Women in Science Project
6243 Parker House
Hanover, NH 03755
WISP's mission is to collaborate in creating a learning environment where women can thrive in science, engineering and mathematics. We welcome your feedback. Please explore the WISP website to learn more about our programs and contact us at WISP@Dartmouth.edu with any questions, comments or suggestions.
We will be updating our calendar over the summer and look forward to welcoming the Class of 2020 in September!
Women outnumber men in a graduating class of engineers—for the first time ever!
"We believe our overall approach to engineering, and engineering education, is what is attracting women to our program," says Thayer's Dean Joseph Helble in a USA Today story about the unprecedented number of women compared to men graduating this year from the engineering school. Helble noted that Dartmouth’s strong mentorship programs and the 25-year-old WISP (Women in Science Project) — which focuses on providing one-on-one research opportunities and mentoring to first year students interested in STEM fields — could contribute to Thayer’s desirability.”
WISP and Thayer School are featured in this January 4, 2016 MarketWatch article "Why some colleges are better than others at getting women in to STEM careers"
Congratulations to Amy Gladfelter, associate professor of biological sciences, who is receiving the Women in Cell Biology Award for Excellence in Research.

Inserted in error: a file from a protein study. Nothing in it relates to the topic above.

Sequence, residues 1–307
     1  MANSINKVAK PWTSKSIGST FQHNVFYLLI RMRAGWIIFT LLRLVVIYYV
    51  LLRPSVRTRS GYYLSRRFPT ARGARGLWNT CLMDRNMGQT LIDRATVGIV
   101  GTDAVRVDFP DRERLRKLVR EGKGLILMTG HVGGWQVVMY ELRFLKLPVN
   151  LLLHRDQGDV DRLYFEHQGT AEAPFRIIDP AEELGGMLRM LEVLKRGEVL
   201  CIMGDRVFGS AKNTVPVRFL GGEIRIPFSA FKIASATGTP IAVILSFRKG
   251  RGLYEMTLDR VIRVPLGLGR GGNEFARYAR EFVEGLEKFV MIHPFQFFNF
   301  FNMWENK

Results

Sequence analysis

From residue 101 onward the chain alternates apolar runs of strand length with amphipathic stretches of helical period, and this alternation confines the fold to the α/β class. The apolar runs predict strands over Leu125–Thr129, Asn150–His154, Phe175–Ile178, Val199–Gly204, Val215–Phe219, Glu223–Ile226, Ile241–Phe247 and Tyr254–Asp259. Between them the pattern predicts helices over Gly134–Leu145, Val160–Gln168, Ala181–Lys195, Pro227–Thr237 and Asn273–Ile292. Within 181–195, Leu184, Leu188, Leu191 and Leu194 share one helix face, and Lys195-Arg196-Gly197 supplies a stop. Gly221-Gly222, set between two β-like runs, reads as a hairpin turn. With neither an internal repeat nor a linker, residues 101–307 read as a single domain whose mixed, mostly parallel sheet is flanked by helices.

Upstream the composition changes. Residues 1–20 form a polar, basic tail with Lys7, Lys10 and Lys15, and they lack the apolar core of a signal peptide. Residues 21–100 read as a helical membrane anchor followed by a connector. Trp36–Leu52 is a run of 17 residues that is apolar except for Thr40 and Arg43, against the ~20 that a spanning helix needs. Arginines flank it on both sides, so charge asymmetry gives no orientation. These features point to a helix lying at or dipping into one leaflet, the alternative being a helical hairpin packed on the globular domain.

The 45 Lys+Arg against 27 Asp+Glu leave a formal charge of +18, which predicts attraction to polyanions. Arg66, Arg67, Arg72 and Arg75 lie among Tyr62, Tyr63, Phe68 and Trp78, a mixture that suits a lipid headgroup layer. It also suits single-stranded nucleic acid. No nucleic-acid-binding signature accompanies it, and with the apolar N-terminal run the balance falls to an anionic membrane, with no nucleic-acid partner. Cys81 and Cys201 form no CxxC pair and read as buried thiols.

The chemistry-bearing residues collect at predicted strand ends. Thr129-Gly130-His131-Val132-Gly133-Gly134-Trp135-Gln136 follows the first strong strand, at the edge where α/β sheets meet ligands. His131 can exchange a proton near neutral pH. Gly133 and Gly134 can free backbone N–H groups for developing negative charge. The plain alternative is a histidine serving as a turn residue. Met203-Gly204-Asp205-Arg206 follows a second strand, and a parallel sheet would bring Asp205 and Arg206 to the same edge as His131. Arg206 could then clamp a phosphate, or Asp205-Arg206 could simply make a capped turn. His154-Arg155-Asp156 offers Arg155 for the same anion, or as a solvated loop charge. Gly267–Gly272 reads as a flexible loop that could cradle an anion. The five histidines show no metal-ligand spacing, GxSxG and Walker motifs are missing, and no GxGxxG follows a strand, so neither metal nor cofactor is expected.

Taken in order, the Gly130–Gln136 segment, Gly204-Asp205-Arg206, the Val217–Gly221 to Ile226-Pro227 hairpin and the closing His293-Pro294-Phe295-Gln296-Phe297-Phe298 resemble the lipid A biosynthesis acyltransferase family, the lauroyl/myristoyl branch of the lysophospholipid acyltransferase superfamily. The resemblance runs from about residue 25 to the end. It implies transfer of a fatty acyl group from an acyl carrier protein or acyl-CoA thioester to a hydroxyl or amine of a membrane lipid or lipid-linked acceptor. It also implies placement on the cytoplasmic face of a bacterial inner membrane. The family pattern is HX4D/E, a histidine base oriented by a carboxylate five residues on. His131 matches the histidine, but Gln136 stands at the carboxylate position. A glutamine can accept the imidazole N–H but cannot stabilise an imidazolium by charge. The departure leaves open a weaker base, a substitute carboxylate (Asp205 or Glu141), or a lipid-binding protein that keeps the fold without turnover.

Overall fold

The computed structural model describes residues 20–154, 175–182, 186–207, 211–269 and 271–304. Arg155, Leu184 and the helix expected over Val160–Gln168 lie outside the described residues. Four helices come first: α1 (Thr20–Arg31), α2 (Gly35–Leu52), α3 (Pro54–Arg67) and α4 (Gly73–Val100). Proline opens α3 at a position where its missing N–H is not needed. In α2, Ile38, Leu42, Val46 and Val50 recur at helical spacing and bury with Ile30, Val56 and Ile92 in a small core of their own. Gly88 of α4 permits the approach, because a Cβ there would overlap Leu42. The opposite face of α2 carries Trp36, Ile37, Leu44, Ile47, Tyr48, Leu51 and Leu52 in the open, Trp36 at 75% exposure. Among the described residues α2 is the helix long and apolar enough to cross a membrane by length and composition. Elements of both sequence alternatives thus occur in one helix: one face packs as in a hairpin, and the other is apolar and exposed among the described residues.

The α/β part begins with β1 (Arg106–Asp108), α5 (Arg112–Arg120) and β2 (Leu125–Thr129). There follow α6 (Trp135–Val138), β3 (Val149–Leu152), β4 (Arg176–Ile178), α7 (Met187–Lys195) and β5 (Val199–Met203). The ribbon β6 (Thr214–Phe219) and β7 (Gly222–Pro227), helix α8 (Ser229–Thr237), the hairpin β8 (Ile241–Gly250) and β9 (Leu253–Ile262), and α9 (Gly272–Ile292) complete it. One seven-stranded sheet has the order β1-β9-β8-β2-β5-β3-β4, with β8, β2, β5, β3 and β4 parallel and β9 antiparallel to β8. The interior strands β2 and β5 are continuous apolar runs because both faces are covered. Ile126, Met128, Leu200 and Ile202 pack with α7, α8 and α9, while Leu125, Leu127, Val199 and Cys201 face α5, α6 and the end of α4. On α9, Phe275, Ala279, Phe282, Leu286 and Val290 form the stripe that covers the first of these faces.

Neha Narula '03 on the power of mentorship: The alumna tells Public Radio International that her success in navigating the male-dominated world of computer science is thanks in large part to the mentoring she received as an undergraduate at Dartmouth. One mentor in particular, Professor of Computer Science Thomas Cormen, stood out, she tells PRI.
Nearly half of Dartmouth engineering majors are women. Thayer School is doing something right to attract so many women to engineering—and keep them there!
WISP is featured in this D article about undergraduate research at Dartmouth
Calling All Women: The Cybersecurity Field Needs You And There's A Million Jobs Waiting
Forbes Magazine (March 28, 2016), Steve Morgan
Cybersecurity has a gender problem: Only 11% of the world’s information security workforce are women, according to the Women’s Society of Cyberjutsu (WSC) — a 501(c)3 non-profit passionate about helping and empowering women to succeed in the Cybersecurity field. The small representation of women in cyber is a big opportunity for them to enter a field with a severe labor shortage. There are one million cybersecurity job openings in 2016.
Where are the Women in Science, Tech, Engineering and Math
NHPR story featuring Dartmouth environmental studies professor Anne Kapuscinski
The Exchange • Dec 2, 2015
Meet 12 Badass Scientists...who also happen to be women
TED Fellows (October 8, 2015), Karen Frances Eng
Wonderful profile of 12 diverse, female scientists who represent a range of disciplines
Last Updated: 7/21/16